I think this aesthetic is extremely damaging because it tells young girls that to be ‘desired’ or ‘deemed interesting’ they have to completely rid themselves of things that make them them in order to be accepted. The standards of desirability have always been skewed because well, patriarchy. And that goes for both women & men. We’re constantly fed with images of what it means to be a likeable woman or what it means to be an influential man but quite rarely are we truly encouraged to simply be ourselves, to simply be authentic. Because even the ‘be yourself’ aesthetic has *yourself that is easily digestible for others in the fine print. 

We’re constantly fed with images of what it means to be a likeable woman or what it means to be an influential man but quite rarely are we truly encouraged to simply be ourselves, to simply be authentic.

I guess I’m getting to a place where I’m tired of letting certain thoughts and perceptions about me restrain me. I’m tired of shrinking myself. I’m getting more and more content with who I am – all sides of me and getting more comfortable with the fact that not everyone will experience all sides, and that’s perfectly fine. In fact, that’s welcomed because I can’t be all things for all people – it’s impossible and I will surely lose all of myself in the process. I just want to be Tolu, a beautiful child of God who radiates joy and exists to bring Him praise, glory and thanksgiving every day of my life. 

Free yourselves of the labels people have placed upon you. Free yourself of the labels you’ve placed upon you. Get to know yourself, your true self and accept whoever that person may be. A person that isn’t defined by what they do, their gender, their race – but rather who they are.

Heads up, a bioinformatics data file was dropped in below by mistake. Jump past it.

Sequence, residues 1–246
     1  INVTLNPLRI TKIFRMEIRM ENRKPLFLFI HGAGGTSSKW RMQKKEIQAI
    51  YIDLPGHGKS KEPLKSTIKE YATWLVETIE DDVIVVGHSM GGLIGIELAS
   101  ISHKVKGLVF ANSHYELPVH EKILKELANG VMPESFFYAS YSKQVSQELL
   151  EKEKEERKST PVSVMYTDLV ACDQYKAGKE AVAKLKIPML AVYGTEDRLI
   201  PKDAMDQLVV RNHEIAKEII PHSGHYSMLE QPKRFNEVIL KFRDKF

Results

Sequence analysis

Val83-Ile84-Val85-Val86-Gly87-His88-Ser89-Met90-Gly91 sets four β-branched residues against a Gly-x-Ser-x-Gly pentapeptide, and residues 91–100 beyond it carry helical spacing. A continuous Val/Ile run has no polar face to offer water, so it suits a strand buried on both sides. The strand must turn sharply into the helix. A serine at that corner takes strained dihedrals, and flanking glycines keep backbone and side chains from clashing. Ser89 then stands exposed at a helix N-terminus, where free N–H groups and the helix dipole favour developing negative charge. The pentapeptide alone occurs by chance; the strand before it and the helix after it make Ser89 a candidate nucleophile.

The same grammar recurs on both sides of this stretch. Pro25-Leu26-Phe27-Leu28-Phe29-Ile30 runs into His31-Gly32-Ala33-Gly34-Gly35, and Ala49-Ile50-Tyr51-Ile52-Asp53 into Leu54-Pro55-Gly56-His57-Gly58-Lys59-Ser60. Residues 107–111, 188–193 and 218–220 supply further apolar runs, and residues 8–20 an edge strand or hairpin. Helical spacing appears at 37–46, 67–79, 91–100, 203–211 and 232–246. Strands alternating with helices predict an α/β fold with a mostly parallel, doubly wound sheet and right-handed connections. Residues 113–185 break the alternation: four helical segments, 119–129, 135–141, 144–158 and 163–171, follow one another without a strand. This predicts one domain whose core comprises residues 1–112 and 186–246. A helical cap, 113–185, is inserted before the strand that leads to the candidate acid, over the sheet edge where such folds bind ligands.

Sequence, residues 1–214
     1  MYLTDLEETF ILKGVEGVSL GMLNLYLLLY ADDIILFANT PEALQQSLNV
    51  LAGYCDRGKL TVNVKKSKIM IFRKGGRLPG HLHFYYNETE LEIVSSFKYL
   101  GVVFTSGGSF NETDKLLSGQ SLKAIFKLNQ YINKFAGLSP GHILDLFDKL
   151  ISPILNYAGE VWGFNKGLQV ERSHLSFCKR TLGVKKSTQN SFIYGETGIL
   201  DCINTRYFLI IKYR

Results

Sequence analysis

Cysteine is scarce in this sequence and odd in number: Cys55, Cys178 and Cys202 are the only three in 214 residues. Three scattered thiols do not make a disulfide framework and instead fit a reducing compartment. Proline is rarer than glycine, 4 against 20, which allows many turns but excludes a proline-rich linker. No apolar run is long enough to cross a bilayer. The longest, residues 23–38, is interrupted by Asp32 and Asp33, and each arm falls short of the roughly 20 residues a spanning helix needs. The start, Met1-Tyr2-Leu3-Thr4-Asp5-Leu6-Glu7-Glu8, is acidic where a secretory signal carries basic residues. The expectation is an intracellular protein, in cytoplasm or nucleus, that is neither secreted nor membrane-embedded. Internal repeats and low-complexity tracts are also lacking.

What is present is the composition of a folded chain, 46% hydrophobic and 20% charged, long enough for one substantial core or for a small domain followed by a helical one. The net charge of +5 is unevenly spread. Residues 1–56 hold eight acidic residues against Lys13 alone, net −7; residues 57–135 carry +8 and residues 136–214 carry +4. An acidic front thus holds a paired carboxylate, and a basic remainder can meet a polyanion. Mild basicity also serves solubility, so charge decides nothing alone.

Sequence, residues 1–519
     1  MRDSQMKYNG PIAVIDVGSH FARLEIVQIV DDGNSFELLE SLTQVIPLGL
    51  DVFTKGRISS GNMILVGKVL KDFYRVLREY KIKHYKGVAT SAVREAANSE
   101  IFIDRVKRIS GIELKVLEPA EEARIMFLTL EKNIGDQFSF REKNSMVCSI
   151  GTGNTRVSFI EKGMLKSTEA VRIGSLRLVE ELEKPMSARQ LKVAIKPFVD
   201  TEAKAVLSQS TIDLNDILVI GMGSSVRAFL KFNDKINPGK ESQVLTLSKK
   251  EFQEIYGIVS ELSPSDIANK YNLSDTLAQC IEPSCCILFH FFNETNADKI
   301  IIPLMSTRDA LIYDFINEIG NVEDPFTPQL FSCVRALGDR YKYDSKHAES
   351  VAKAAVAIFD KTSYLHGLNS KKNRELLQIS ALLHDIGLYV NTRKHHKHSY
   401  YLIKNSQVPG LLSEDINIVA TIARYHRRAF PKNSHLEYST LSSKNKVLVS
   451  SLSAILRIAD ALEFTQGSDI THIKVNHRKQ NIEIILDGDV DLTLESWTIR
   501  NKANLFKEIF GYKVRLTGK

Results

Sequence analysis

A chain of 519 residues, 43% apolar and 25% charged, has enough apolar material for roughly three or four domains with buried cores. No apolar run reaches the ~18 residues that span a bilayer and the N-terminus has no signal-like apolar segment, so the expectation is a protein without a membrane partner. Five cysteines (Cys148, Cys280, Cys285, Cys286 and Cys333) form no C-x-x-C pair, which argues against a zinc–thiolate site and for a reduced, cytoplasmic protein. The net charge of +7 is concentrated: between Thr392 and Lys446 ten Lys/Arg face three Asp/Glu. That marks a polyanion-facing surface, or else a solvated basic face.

So, who are you?


‘Here’ by Alessia Cara. I remember going for my first concert, an Alessia Cara concert in Brixton with two of my bezzie-mates. What a glorious time – remember when we could go outside? LOL, I joke, I joke, I kid, I kid – this lockdown is all for our own good. Anyways, I remember going for this concert and being so happy Ms Cara took my concert-virginity because her album, particularly the first song I heard by her; ‘Here’ meant so much to me at the time – and it still does.

Alessia Cara at the Electric Brixton, 2016

Like my caption at the time said, that song reminded me that you didn’t have to like everything or behave a certain way just because everyone else was and because it appeared like ‘the thing or way to be.’ Four years later, this message still resonates with me and has reached further depths in my heart. The road to authenticity and true confidence and love of self is ongoing but lately, it’s been quite clear that the Holy Spirit is adamant we focus on it as part of this year of refinement. I’m no longer complaining because it’s so worth it. So without further ado, here’s ‘Here’ by Alessia Cara – it captures the message of individuality and authenticity in the face of discomfort so perfectly. I hope you enjoy it as much as I’m about to as I revisit her entire album because…what a time!

Peace & Love,

2 thoughts on “The ‘Good Girl Gone Bad’ Aesthetic